Colon cancer is the second most common type of cancer. Although it may not have attracted as much media attention as other cancers, the medical community is making efforts to better understand its causes and to discover possible cures, and their efforts have paid off in the form of new treatment options and screening methods.

Cancer develops when regular cells produce mutations during cell division that cause those cells to grow and survive much longer than healthy cells. These “immortal” cells divide into more cells, potentially leading to the development of a malignant tumor.

Anyone can develop colon cancer in their lifetime, but there are certain factors that can put someone at a higher risk of obtaining this often deadly condition.

-- Age: Individuals who are 50 years or older are more at risk than those younger. However, colon cancer has been detected in patients as young as 22.

-- Family history: If a close relative has been affected by colon cancer, other family members should undergo regular screening. A genetic predisposition for developing colon cancer does exist, and genetic screening is also an option.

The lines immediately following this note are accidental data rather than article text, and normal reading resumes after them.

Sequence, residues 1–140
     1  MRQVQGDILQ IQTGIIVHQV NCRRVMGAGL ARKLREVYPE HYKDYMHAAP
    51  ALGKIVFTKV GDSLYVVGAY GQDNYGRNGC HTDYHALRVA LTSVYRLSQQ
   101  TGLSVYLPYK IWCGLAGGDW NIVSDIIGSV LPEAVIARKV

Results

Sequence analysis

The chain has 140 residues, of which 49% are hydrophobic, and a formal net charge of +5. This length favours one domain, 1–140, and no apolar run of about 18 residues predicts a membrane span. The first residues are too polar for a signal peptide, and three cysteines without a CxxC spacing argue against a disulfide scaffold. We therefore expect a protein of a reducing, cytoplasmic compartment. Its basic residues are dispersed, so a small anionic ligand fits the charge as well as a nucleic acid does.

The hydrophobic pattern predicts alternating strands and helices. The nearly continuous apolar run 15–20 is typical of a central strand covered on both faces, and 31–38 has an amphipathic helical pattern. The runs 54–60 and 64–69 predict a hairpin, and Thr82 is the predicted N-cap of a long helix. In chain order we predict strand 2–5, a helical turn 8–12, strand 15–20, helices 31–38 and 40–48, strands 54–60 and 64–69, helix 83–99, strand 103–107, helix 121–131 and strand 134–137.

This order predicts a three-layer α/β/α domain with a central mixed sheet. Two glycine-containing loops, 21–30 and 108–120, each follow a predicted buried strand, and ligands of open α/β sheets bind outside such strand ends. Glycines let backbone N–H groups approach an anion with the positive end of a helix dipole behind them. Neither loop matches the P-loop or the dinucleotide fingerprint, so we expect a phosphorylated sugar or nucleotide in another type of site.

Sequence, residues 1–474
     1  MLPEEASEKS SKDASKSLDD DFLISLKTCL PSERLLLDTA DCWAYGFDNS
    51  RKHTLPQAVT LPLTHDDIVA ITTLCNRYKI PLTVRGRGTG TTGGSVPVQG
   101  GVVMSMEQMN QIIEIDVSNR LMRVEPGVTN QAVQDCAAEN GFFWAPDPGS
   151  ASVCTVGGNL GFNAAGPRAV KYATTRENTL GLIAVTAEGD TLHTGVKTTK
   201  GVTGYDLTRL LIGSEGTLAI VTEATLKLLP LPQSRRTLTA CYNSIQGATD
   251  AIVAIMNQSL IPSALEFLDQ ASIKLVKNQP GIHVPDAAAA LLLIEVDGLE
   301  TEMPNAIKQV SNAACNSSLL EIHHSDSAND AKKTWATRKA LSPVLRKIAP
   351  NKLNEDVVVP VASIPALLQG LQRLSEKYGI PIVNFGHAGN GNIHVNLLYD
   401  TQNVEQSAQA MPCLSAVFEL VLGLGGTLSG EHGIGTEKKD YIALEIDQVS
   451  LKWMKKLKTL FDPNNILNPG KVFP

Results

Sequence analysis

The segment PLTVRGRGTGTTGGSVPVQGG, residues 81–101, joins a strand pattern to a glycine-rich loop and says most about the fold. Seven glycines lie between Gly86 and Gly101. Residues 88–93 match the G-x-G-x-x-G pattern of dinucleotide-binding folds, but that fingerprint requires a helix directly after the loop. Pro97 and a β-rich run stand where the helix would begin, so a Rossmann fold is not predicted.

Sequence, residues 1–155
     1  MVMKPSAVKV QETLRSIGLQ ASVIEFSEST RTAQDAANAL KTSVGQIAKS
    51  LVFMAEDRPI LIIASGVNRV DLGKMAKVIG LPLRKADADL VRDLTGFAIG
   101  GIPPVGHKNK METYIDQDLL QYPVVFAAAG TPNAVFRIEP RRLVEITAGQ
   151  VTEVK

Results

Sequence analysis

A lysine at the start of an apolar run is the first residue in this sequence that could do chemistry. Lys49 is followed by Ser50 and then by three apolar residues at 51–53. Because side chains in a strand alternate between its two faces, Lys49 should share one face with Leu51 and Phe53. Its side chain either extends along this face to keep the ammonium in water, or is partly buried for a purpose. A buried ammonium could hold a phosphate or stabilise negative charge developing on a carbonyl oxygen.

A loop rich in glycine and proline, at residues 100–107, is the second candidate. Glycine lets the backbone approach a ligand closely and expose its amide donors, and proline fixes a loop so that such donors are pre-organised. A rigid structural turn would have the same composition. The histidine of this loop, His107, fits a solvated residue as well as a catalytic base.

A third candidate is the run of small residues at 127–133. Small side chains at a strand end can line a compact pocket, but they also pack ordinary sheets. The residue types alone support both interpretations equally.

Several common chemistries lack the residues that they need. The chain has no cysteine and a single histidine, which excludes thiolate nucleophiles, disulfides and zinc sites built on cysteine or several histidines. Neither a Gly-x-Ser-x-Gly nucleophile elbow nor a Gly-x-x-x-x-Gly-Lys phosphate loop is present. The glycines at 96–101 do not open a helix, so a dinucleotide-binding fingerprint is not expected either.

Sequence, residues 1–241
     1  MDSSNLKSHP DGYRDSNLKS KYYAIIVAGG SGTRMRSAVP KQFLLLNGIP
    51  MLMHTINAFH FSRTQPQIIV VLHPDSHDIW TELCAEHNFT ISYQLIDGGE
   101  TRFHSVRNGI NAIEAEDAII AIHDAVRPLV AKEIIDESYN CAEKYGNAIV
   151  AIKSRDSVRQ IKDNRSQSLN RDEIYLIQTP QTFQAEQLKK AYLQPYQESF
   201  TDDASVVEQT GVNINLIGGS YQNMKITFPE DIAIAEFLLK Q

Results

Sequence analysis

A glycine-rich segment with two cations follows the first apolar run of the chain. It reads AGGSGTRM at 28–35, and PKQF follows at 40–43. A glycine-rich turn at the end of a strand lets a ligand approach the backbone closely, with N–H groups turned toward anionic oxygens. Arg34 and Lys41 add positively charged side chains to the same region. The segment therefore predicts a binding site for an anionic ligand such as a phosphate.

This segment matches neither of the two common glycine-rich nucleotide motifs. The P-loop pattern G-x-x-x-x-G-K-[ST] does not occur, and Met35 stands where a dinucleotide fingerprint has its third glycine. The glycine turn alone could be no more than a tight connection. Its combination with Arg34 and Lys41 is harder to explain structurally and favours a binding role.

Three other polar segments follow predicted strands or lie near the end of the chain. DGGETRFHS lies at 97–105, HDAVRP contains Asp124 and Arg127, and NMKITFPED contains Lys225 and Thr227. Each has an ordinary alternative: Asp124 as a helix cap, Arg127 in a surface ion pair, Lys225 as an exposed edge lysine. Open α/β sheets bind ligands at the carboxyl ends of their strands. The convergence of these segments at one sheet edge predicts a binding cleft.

-- Medical history: patients who have previously been treated for cancer of the colon, rectum, ovary, endometrium, or breast tend to be more at risk for developing colon cancer.

“A history of polyps and inflammatory bowel disease is associated with a higher risk,” explained Dr. Louis Liu from the University Health Network in Toronto. “It has also been indicated that there may be some association of smoking and possibly obesity with a higher risk of colon cancer.”